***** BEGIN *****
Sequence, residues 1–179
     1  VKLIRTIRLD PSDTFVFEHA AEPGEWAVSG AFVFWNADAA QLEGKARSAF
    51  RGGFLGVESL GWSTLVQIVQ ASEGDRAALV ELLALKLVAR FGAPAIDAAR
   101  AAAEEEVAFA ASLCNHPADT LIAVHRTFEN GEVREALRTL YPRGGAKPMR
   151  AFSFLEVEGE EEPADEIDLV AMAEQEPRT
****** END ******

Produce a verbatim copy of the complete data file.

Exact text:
Sequence, residues 1–179
     1  VKLIRTIRLD PSDTFVFEHA AEPGEWAVSG AFVFWNADAA QLEGKARSAF
    51  RGGFLGVESL GWSTLVQIVQ ASEGDRAALV ELLALKLVAR FGAPAIDAAR
   101  AAAEEEVAFA ASLCNHPADT LIAVHRTFEN GEVREALRTL YPRGGAKPMR
   151  AFSFLEVEGE EEPADEIDLV AMAEQEPRT